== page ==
Starring: Chris Farley, David Spade, Tim Matheson, Christine Ebersole, Gary Busey, Bruce McGill
Rated PG-13 for Crude Language and Humor, Drug-Related Material and Sexual Innuendo
A movie like “Black Sheep” is what happens when no one involved in the creative process is on the same page. To say that it had a troubled production history is to understate matters. Paramount had totally underestimated the appeal of “Tommy Boy” and wanted a sequel of sorts (these days, Chris Farley and David Spade would have been contractually obligated for two sequels before there was an underlying premise). Farley wanted it to be a dramedy about an aspiring governor played by Tim Matheson and his enthusiastic but bumbling brother (played by Farley, of course). Director Penelope Spheeris didn’t think that David Spade, who played the aide assigned to keep Farley out of trouble, was funny at all. To that end, he cut out most of his scenes and she ended up leaving her a message on her answering machine saying, “You’re cutting my comedy balls off!” In addition to separating the two (by his own admission, Spade’s form of humor requires someone to play off of), she threw out most of Fred Wolf’s script and worked on it with her friend. And that was aside from the interpersonal tension brewing between close friends Farley and Spade. Farley was getting more money and attention, and he had stolen a girl from Spade (who, ironically, played the naked girl in “Tommy Boy”). With problems like that, a movie has no chance to be a success.
“Black Sheep” is a bad movie, there’s no doubt about that. But it’s not as bad as its reputation suggests. Every one of Chris’s friends and managers thought it was terrible, and some, such as “Tommy Boy” co-star Rob Lowe, argued that it was a factor in his first relapse into alcoholism and addiction (one that started the ball rolling on subsequent relapses that led to his death shortly thereafter). It’s a mess and best skipped entirely, but it’s not without its bright spots. It’s impossible for Chris Farley to be in a movie and not get at least one laugh, and it showcases his dramatic talents, which were in evidence in “Tommy Boy,” but are a little stronger here. He has some nice scenes with Matheson and especially with a young boy, played by Michael Patrick Carter, that are really wonderful. It’s one of those movies that misfires, but shows flashes of what it could have been.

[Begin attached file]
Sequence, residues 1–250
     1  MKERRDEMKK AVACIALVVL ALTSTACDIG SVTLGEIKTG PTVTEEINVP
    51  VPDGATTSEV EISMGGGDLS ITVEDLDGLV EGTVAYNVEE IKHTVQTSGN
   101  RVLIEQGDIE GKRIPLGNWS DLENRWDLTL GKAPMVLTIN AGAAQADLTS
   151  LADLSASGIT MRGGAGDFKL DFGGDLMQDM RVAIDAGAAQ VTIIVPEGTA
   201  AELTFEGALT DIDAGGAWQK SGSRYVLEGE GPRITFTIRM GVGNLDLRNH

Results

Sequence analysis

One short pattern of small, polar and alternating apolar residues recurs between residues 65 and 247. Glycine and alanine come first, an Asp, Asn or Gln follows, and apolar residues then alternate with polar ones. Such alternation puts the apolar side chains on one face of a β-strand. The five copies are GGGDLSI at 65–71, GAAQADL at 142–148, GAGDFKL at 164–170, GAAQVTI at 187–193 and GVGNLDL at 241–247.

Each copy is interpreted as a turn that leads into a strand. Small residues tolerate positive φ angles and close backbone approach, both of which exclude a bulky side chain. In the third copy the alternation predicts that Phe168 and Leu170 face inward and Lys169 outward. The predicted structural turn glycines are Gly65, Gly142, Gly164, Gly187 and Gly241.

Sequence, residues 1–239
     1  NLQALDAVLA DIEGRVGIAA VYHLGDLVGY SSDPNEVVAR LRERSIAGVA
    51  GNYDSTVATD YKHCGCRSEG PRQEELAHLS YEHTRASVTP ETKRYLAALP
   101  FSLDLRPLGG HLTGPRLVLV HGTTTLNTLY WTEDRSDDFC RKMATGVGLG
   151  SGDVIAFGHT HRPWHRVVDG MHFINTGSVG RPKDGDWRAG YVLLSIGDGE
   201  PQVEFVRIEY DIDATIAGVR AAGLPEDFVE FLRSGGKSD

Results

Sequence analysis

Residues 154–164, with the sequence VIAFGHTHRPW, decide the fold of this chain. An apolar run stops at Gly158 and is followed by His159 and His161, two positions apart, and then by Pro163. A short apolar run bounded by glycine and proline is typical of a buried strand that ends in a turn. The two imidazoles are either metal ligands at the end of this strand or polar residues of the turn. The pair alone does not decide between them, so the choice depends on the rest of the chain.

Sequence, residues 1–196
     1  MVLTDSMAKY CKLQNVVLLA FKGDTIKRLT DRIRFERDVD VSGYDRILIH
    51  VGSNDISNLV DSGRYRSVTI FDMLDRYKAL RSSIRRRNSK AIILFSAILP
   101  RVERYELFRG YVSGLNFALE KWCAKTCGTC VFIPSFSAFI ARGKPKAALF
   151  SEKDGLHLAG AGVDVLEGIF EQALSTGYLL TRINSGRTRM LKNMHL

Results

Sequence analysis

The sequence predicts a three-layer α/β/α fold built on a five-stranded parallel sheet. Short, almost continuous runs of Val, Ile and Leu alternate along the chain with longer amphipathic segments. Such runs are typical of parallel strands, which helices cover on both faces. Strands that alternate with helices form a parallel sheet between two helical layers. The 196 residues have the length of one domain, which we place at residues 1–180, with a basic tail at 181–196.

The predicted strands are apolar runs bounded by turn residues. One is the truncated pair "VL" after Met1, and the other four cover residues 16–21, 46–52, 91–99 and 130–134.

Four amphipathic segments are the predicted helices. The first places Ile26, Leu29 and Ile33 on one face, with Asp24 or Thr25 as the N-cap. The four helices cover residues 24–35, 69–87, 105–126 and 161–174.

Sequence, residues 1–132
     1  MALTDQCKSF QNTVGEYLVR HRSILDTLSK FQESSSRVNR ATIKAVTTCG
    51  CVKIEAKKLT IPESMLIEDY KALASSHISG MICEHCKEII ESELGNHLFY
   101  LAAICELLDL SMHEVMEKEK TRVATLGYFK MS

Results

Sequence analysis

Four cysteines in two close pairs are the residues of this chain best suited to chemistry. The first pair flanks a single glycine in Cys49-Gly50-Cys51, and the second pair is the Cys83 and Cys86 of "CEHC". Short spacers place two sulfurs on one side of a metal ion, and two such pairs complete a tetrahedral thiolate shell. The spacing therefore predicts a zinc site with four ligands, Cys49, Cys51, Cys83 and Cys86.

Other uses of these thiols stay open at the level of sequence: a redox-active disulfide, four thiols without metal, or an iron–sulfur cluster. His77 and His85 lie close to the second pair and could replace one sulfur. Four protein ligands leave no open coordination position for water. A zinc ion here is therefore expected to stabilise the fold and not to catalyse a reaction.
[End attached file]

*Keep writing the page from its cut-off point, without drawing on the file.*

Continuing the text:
Clearly, director Penelope Spheeris was the wrong person for the job as a director. According to her statements in Farley’s biography, “The Chris Farley Show: A Biography in Three Acts,” she took the job for two reasons: one, they were offering her an “obscene” amount of money, and two, she had worked with Farley before (he had a cameo in her claim to fame, “Wayne’s World”) and wanted to do so again. But based on the evidence, she doesn’t understand his appeal. She relies too much on Farley’s talent for physical comedy, and it gets old after a while. She wasn’t speaking to writer Fred Wolf (who had also written “Tommy Boy” without credit), and had in fact fired him three times (he was rehired by Farley twice and producer Lorne Michaels once) before banning him from the set. Certainly, Farley’s physical gifts were on display in “Tommy Boy” (who can forget the dancing scene at the gas station?), but it primarily focused on his comic instincts and Midwestern appeal. Most importantly, it had the chemistry between Farley and Spade.
I make this distinction because Farley is clearly struggling in the role. His trademark “anti-slapstick” comedy feels forced and obligatory, like something out of a bad SNL skit. The quieter, subtler moments are much funnier. Likewise, Spade is also grasping at straws. Watching him play off a group of hillbillies or a deranged ex-soldier just isn’t the same. Tim Matheson, who, along with Bruce McGill, was cast at Farley's request due to his father’s love (not to mention his own) of “Animal House,” is a scene-stealer, providing some light, but adept, drama. More time spent with him and Farley and less time pratfalling would have helped immeasurably.
“Black Sheep” would be just another bad movie even without its tortured production. But that it was the final film with Farley and Spade and started its star’s long, painful descent to death makes it a tragic one.